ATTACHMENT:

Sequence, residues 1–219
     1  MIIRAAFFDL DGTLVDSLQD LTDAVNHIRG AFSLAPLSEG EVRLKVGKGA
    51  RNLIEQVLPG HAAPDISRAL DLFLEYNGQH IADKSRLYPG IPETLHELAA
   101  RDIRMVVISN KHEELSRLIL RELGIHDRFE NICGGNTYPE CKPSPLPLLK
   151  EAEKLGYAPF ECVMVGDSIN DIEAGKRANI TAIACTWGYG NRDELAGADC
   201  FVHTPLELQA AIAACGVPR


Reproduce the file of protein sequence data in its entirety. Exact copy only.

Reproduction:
Sequence, residues 1–219
     1  MIIRAAFFDL DGTLVDSLQD LTDAVNHIRG AFSLAPLSEG EVRLKVGKGA
    51  RNLIEQVLPG HAAPDISRAL DLFLEYNGQH IADKSRLYPG IPETLHELAA
   101  RDIRMVVISN KHEELSRLIL RELGIHDRFE NICGGNTYPE CKPSPLPLLK
   151  EAEKLGYAPF ECVMVGDSIN DIEAGKRANI TAIACTWGYG NRDELAGADC
   201  FVHTPLELQA AIAACGVPR